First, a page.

Planet To Plate: The Earth Hour Cookbook has been released in the lead up to Earth Hour on 28 March 2015 and features a collection of 52 recipes from some of Australia’s biggest names in food. The City Lane was invited to attend the launch at Guy Grossi’s Ombra Salumi Bar and, having a keen interest in the conservation and sustainability issues surrounding food, we were keen to learn more about Planet To Plate.
Read through Planet To Plate and you’ll find yourself learning a lot more than just how to cook some great dishes. What makes Planet To Plate unique is that there is a big focus on Australian farmers and the impact of global warming on their farms and the availability of fresh, locally produced food. Featured ingredients for several of the recipes are focused on, and the effect of global warming on production of those ingredients explored.
For those who see climate change as an abstract topic that’s covered on the news sometimes, Planet To Plate really brings home the reality of its impact on people by linking it to something we are all familiar with – the food we eat.
Speakers on the night included acclaimed Melbourne chef Guy Grossi, WWF Australia CEO Dermot O’Gorman, climate scientist David Karoly from The University of Melbourne and Masterchef Australia 2013 winner Emma Dean. Each had some great insights of relevance to the topic of food, agriculture and climate change.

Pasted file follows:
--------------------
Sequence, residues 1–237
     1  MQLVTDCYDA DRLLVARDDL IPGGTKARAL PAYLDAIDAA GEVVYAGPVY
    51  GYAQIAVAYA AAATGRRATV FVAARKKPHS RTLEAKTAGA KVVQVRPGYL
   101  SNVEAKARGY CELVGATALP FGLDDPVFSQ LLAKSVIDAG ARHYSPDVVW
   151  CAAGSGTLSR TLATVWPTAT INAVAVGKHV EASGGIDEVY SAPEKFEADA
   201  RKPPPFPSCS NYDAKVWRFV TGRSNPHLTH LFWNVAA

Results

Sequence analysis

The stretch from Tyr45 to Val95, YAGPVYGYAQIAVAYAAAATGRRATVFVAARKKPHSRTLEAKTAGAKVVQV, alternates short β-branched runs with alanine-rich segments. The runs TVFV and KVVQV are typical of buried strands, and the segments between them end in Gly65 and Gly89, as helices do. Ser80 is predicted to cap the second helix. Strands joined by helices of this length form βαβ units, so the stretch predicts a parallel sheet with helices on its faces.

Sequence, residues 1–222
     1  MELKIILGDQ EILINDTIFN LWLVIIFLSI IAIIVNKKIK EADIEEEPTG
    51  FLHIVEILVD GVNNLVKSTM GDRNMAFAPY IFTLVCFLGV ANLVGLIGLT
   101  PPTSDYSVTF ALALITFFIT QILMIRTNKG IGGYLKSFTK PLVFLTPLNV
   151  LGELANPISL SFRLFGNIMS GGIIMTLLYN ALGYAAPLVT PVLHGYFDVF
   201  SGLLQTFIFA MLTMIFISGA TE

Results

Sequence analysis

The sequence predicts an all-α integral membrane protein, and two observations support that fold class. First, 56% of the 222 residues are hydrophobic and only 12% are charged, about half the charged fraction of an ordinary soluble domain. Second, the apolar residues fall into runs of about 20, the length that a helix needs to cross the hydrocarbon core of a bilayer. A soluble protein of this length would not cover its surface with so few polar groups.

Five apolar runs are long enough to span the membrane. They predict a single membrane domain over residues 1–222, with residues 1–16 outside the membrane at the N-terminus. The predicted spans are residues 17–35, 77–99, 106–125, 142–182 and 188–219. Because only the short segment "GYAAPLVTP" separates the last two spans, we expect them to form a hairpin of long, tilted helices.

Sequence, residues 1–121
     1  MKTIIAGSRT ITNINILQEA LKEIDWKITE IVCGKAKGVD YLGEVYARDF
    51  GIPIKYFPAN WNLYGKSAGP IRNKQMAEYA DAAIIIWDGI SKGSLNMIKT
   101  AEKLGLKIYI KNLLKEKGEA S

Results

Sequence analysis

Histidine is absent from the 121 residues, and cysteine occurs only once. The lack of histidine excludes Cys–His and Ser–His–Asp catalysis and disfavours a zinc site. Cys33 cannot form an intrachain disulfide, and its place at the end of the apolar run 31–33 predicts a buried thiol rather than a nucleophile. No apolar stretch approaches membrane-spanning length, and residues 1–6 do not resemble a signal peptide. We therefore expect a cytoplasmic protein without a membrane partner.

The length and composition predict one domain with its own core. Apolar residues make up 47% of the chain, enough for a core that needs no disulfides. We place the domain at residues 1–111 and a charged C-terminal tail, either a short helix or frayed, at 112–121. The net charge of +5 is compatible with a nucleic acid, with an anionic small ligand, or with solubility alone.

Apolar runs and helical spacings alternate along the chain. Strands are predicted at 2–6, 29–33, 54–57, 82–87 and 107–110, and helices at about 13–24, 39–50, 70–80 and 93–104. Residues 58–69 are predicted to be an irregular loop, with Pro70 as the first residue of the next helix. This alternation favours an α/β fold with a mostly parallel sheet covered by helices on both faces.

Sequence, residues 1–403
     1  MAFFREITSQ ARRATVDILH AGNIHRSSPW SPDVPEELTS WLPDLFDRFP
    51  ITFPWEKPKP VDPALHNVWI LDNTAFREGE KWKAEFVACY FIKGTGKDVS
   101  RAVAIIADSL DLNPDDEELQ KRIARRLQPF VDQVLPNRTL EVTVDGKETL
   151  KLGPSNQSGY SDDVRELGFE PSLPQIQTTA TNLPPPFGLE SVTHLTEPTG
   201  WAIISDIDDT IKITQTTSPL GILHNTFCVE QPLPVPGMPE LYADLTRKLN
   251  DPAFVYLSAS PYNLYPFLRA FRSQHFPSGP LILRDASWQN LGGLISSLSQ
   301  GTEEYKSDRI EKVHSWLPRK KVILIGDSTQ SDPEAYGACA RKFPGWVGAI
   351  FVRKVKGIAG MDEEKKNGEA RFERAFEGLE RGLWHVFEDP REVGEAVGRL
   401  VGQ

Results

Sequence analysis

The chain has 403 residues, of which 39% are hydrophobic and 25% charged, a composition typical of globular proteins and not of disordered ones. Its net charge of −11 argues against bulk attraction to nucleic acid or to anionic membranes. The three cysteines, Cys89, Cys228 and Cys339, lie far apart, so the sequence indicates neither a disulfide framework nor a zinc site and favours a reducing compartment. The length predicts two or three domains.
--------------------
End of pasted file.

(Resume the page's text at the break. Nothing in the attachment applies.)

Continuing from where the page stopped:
Chefs whose recipes appear in Planet To Plate include Matt Preston, Neil Perry, Luke Mangan, Kylie Kwong, Guy Grossi, Darren Robertson, Colin Fassnidge, James Viles, Jill Dupleix, Miguel Maestre, Margaret Fulton, Dan Hong and Sarah Wilson just to name a few. It really does feature a whose who of Australia’s culinary talent and the recipes in the book focus on seasonal, fresh produce covering starters, mains and desserts.
If you were wondering what we ate at the launch, we were kept suitably fed with a range of antipasto dishes from the Ombra kitchen.
Earth Hour began in Sydney in 2007 to raise awareness of the effects of climate change, with over 2,200 businesses and over 2 million people taking part. In 2015, it will be held in over 7,000 cities in 162 countries, with approximately 1.5 billion people expected to take part. The City Lane thinks that Earth Hour is a great initiative and we wholly support its growth both as an event, and into other avenues such as Planet To Plate. If you’re interested in learning more about the effect of climate change on the food that you eat, Planet To Plate is well worth your time.
If you’re interested in getting a copy (RRP $49.99 (inclusive of shipping)), check out the official website here. Earth Hour is a not-for-profit organisation and all proceeds from the sale of Planet To Plate go towards supporting Earth Hour’s work with schools, small business and community groups.